Here are a few ideas for bringing people together and building a strong, friendly community.

In the past, people often chatted to their neighbours over the garden fence, popped round for a cup of sugar, or organised street parties, but with people getting busier, many people feel like there's simply not a community spirit in their street anymore. Most of us are a bit shy about knocking on doors, and you might not even know some of the people living near you, so where do you begin to build a community?

 

Start a neighbourhood watch

Looking out for each other is at the heart of any community, and starting a neighbourhood watch scheme in your area is a great way for people to get to know each other, and to watch out for anything suspicious. Your local police force will be able to tell you whether there's an existing scheme, and if not, they can give you advice on how to get started.

 

Organise community gardening

Community gardening schemes have a long history, and they were especially popular during World War II when they became a source of fresh fruit and vegetables in the inner city areas. They can vary in size, from small plots on communal land, to big projects within schools and public areas, allowing everyone to pitch in, learn about gardening, and make new friends. They can sometimes be tough to get off the ground, as you will need the backing of your local authority to start using abandoned sites, but they really can bring people together throughout the different stages of the project.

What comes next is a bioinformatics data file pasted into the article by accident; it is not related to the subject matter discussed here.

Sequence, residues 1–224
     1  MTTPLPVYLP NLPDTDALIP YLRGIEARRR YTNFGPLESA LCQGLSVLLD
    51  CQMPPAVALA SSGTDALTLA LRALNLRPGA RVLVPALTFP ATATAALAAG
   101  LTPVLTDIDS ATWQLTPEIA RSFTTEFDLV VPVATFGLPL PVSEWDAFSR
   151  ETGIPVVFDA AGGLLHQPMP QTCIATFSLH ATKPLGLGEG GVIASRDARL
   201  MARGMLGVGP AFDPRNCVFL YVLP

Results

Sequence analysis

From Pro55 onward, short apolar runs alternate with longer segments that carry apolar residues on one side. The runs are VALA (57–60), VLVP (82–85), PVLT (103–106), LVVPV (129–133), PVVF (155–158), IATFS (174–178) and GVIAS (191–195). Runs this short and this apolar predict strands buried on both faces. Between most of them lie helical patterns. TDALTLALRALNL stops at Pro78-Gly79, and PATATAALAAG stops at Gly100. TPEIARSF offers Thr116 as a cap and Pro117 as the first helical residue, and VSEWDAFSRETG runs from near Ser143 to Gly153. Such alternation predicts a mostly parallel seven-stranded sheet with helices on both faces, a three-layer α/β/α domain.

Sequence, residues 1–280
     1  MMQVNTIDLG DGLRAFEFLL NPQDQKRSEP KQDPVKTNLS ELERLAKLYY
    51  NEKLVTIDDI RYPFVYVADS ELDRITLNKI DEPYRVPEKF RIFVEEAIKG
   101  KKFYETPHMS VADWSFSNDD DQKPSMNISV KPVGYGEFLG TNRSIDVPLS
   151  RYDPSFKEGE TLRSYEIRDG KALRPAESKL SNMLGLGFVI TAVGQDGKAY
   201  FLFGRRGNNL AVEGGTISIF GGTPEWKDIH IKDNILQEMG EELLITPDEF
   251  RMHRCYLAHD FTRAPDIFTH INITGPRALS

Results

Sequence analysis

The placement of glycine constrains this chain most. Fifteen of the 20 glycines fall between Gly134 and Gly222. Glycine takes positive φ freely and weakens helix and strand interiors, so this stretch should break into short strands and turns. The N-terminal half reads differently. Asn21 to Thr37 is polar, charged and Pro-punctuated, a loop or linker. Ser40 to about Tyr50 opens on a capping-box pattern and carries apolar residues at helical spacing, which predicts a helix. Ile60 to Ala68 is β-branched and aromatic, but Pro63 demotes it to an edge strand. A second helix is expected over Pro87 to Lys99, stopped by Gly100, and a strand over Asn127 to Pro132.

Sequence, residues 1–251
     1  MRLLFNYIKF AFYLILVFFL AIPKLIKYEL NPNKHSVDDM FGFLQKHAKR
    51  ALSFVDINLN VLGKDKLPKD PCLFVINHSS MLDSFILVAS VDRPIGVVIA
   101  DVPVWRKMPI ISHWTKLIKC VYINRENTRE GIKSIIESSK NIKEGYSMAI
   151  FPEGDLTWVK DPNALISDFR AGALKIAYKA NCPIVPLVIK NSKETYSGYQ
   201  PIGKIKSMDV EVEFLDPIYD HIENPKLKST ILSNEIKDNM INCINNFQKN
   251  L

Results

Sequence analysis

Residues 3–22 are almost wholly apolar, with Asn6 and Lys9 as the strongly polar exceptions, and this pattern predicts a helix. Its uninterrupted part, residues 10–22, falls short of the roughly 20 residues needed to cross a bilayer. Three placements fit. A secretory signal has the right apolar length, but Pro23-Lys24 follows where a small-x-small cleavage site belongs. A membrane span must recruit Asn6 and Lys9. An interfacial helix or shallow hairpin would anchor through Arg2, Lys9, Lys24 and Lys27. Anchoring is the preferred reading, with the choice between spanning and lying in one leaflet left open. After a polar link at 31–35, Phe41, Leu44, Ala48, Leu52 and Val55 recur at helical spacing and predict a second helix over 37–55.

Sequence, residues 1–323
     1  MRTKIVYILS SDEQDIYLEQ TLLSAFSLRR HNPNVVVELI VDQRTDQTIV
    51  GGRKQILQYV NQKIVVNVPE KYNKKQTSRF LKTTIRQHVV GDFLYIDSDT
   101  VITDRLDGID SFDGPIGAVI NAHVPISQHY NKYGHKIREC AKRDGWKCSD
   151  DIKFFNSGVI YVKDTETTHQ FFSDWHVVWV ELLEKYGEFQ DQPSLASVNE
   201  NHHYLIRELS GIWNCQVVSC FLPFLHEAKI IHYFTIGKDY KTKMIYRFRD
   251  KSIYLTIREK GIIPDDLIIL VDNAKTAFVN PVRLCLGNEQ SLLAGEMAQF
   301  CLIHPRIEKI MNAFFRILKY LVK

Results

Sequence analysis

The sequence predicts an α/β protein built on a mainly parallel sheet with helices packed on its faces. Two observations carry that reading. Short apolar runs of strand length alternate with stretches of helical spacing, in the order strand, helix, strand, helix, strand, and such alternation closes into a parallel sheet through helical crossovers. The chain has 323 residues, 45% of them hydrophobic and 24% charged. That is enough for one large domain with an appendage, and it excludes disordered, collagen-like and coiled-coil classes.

Social media

Social media isn't just for sharing baby pictures and ranting about your day, it can also bring communities together by giving them an easy way to communicate. Your street or estate might already have a Facebook page, or you can easily start a new group, and you can make it more lively by inviting the people you already know on the street, getting them to do the same. Facebook groups can be used for all sorts of purposes, from letting neighbours know about road works, to putting things up for sale, and it's an easy way for busy neighbours to keep in touch. However, as with all social media, be careful about sharing personal information.

 

Throw a street party

Street parties have had somewhat of a resurgence lately, thanks to events such as the diamond jubilee and the royal wedding, and it's given the public a taste for old-fashioned, community-centred fun. You don't have to wait for a royal event of course, there are lots of reasons to throw a street party, from bank holidays to national celebrations, so have a think about what might be coming up. You will most likely have to apply for a road closure, and different councils have different rules about noise and other issues. Other than that, street parties should be easy to organise with enough enthusiastic volunteers, and everyone can pitch in with decorating, providing food, and lending their garden furniture. 

 

Start a book group